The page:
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But You Also Eat Jello
There is a new voice that I am writing with these days. It is a voice that has a louder baritone hum. It has no falsetto. It is an unnerving new sound. Lower. Wider. Slower. I don't recognize it yet.
I'm an Enneagram Four with strong preferences for drama, melancholy and romance. I have fabulous highs and can have wild low periods and I have mostly written from the intense rollercoaster of that ride. I have been broken and bloodied. Writing from that place has had so much juice. It is also a powerful flame for living. Burn bright, burn strong, burn out, baby! This was the mantra of a corporate group where I worked during what feels, at the moment, like a different life. Was that really me?
The times are different now. A lower flame. Not so fierce. I am emerging on to a previously unseen mesa. Less rock and roll. More Tibetan flute. Less fire and wildness. Oh, the passion is still there but it has a different hum. There is more silence and sitting and equanimity. What the hell is going on?
My handwriting has slowed down and it is not so feverish. There is a deliberate, steady, quiet voice is emerging. I watch feelings arise, see places where I long to crank it up, turn the flame up under the emotions a bit and then I laugh and think, "Why bother?" It is just fine as it is. Right here. Right now. This is a little less juice than I'm used to and much more peace than I ever thought I'd feel in this particular lifetime.
I have been studying with Natalie Goldberg over the last few years and during my last writing retreat with her, she spoke with us about our sitting practice and that if we learn to sit with our darkness, we integrate it and then our writing becomes integrated too. She said, "You will always carry your darkness with you but you will also eat Jello." I will always carry this passionate and dramatic me wherever I go. And I am not only that.I will always carry this intensity and I am not only that.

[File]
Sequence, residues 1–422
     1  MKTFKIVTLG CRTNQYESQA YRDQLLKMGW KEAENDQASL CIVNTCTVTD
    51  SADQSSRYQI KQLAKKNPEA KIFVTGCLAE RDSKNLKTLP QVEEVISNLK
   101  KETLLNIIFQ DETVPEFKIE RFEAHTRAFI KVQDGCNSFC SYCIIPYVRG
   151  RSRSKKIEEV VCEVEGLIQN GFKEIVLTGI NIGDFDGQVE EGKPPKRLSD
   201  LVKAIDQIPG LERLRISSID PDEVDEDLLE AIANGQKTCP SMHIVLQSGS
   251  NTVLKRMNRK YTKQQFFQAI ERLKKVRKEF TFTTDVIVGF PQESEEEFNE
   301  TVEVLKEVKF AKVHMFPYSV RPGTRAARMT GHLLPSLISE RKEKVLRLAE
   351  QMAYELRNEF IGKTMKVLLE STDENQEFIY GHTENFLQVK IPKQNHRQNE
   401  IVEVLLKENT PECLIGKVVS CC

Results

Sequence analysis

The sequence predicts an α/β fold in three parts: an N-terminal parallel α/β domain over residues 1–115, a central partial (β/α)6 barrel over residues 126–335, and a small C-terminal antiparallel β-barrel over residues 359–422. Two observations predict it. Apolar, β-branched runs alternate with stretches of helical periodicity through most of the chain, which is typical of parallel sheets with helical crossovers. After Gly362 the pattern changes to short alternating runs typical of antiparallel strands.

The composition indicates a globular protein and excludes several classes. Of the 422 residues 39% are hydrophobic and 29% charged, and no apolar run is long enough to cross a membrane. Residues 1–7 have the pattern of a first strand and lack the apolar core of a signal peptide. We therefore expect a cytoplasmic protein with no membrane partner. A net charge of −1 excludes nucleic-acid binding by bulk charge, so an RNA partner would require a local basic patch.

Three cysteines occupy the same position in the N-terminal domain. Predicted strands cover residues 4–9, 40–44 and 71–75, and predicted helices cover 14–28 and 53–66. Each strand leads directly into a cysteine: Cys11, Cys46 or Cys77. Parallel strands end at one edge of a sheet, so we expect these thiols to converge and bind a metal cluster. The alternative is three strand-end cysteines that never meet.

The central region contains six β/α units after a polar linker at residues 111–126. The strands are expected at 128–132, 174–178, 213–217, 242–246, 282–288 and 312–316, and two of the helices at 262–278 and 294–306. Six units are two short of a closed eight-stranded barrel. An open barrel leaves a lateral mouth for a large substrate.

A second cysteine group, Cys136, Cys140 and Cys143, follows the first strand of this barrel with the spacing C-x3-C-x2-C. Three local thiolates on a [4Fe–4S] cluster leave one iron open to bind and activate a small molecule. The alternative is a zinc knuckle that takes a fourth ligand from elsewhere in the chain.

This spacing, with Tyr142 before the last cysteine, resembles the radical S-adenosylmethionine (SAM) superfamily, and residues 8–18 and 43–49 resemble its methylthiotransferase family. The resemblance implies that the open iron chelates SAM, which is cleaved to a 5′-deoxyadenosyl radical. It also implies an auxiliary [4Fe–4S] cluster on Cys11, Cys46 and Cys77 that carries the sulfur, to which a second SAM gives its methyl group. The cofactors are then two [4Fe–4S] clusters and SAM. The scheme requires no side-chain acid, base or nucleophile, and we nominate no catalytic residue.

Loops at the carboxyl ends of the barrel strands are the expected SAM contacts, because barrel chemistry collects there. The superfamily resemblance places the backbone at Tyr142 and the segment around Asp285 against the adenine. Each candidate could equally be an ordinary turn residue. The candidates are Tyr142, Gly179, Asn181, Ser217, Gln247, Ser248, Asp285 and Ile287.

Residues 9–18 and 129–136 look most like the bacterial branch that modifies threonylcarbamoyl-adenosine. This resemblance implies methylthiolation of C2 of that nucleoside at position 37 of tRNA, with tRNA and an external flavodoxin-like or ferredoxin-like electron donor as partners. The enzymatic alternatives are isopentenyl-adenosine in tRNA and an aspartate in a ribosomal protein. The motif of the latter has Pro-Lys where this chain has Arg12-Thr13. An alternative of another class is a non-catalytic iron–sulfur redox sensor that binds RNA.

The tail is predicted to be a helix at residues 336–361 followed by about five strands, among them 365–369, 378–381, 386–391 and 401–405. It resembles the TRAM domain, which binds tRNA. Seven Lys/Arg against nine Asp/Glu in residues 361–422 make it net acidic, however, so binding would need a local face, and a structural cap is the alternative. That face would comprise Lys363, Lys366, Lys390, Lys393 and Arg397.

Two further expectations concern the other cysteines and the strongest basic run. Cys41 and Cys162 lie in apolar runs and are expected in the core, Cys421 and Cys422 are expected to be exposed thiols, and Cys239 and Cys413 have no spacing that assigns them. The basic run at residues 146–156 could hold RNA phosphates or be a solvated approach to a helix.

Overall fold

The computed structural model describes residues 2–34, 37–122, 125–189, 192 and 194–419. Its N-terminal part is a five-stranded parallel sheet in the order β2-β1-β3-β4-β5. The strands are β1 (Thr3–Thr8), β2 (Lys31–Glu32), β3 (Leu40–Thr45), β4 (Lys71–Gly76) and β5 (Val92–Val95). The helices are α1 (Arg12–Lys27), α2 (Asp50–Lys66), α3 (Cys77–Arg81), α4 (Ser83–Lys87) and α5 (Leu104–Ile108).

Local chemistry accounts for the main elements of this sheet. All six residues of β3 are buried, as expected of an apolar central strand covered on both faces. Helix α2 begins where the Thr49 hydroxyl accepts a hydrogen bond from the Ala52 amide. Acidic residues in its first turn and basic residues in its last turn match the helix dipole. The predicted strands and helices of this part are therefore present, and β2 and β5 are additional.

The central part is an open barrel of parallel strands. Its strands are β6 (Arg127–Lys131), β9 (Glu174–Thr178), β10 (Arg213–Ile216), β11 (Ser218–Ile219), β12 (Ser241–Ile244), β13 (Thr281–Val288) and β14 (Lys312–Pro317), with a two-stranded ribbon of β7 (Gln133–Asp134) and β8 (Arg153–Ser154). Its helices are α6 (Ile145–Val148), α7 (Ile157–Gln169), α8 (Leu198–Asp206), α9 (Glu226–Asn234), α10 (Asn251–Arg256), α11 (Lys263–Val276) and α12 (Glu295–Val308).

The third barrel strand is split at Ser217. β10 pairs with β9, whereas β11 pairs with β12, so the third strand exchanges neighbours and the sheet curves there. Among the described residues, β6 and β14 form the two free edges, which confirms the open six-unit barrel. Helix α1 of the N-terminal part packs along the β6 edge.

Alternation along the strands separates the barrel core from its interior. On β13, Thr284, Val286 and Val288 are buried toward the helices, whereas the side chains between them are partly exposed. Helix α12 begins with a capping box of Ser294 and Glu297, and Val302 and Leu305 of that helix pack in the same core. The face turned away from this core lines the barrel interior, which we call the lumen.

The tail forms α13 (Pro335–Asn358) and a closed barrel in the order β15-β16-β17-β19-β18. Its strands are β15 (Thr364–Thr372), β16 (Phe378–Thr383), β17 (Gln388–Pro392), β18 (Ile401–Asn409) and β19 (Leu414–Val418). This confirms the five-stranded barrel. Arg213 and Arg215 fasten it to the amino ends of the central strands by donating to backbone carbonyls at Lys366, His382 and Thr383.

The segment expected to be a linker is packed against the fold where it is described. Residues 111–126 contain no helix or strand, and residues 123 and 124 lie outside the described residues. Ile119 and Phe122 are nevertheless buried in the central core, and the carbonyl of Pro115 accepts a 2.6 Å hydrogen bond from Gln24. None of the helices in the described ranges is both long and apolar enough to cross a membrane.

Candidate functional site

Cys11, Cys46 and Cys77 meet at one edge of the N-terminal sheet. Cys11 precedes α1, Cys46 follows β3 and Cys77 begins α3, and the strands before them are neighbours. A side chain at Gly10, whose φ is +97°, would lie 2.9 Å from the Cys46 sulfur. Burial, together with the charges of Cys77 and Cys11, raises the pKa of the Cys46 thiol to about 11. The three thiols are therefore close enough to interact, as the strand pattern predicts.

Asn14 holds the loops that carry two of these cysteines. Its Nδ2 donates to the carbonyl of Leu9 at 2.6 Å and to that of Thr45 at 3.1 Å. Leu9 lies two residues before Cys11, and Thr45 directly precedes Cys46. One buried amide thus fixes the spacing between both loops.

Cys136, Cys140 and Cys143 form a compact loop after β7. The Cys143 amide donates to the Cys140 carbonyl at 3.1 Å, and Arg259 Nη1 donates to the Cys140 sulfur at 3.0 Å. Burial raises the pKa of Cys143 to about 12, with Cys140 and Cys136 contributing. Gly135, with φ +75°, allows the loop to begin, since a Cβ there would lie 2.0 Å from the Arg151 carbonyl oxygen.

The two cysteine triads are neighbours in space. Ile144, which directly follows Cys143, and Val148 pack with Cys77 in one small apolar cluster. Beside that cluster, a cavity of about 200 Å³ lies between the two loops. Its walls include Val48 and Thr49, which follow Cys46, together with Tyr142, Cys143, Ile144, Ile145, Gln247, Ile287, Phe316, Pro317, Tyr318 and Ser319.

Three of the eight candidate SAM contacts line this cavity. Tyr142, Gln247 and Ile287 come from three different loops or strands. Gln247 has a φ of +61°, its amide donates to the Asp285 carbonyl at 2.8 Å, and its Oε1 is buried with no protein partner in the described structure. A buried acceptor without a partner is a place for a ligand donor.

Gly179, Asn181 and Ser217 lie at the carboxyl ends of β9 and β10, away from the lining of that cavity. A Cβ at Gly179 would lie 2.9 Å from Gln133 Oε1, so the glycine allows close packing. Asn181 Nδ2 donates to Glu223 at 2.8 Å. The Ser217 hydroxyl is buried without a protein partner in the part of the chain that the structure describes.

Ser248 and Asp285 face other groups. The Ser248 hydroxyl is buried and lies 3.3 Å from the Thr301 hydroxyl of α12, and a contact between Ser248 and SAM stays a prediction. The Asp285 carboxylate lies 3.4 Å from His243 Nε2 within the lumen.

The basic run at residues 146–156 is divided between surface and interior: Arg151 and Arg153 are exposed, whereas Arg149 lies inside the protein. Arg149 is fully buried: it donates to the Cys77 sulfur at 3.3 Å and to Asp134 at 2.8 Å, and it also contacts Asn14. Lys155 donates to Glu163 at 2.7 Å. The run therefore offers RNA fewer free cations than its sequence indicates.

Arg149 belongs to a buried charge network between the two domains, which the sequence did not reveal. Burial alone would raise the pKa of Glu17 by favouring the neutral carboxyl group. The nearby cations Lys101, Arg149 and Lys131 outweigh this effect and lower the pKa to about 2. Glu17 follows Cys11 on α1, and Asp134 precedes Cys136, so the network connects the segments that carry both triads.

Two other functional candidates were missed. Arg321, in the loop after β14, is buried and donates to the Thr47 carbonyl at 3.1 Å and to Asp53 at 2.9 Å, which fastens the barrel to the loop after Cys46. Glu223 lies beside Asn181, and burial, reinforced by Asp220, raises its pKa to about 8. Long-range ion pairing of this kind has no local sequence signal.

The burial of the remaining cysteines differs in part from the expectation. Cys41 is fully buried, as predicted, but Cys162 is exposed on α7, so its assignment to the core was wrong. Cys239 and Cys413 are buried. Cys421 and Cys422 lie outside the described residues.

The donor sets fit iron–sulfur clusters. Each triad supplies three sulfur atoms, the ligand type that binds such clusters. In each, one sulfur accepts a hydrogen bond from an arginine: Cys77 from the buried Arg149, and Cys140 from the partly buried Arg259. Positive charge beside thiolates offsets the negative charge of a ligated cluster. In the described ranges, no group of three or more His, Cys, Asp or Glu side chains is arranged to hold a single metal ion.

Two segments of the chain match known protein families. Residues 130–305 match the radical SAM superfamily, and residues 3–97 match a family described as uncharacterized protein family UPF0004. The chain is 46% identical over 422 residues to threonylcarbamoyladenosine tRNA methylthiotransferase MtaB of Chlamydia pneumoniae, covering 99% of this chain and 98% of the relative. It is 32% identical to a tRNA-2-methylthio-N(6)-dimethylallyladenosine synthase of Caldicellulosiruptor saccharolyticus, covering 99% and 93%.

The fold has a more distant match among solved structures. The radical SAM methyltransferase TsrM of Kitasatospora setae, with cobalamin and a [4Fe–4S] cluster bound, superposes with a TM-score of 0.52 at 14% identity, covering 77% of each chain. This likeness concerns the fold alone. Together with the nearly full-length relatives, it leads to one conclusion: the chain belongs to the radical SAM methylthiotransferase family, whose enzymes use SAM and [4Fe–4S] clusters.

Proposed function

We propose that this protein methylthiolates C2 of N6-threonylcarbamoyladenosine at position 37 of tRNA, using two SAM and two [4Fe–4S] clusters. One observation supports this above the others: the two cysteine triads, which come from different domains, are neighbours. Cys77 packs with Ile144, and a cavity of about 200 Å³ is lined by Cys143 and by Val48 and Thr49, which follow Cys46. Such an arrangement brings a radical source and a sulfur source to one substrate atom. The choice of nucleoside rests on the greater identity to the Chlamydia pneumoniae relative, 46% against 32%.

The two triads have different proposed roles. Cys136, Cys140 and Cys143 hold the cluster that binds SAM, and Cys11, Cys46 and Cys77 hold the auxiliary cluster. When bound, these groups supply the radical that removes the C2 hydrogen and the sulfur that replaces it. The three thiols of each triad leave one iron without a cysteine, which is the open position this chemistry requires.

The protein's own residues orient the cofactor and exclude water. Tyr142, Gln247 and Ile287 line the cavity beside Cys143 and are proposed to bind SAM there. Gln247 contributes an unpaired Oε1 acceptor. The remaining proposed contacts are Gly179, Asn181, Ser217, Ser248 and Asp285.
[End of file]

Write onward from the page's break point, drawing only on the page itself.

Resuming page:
We can tend to put ourselves into only one category saying things like "I'm so tired" but we may also be able to say "and I am happy." Things are so busy and I have five free minutes right now. Things are really difficult and some things aren't.
Often, at about this time of year, students in our Certification Module are really stretched. They have been working so hard for three months and they have six more months to go. It can be a difficult moment at this point in the nine months. They are "tired." And they can start defining themselves by that one variable. And I want to be able to say to them, "You are tired. Yes. And what else?" It is in the 'what else' that we find things like: I woke up this morning with the love of my life. I had the best meeting this afternoon with a really warm human being. My sandwich at lunch today was fantastic. The elevator ride this morning was a riot because someone had a freshly baked cinnamon bun and everyone could smell it and we all started giggling when one man in a brown bowler hat commented, "that smells good enough to kill for" and we all knew what he meant. That short ride had me laughing before I even got to my desk. Oh, and on the bus, I saw this little girl help her grandmother step down the last stair to the street so tenderly that it broke my heart wide open.
And then there are those around us: our friends, our colleagues, our clients. Yes, she has this pain or that pain but she also eats chocolate fudge brownies with walnuts. Yes, he is a successful, stressed-out Vice-President, but he also likes Oreo cookies dipped in a glass of 2% milk before bed each night.
Yes, you're tired but try for a week to not use that word. There is always another perspective, a wider view, a more inclusive picture. What else are you? And do you like Jello?
© Joanne Hunt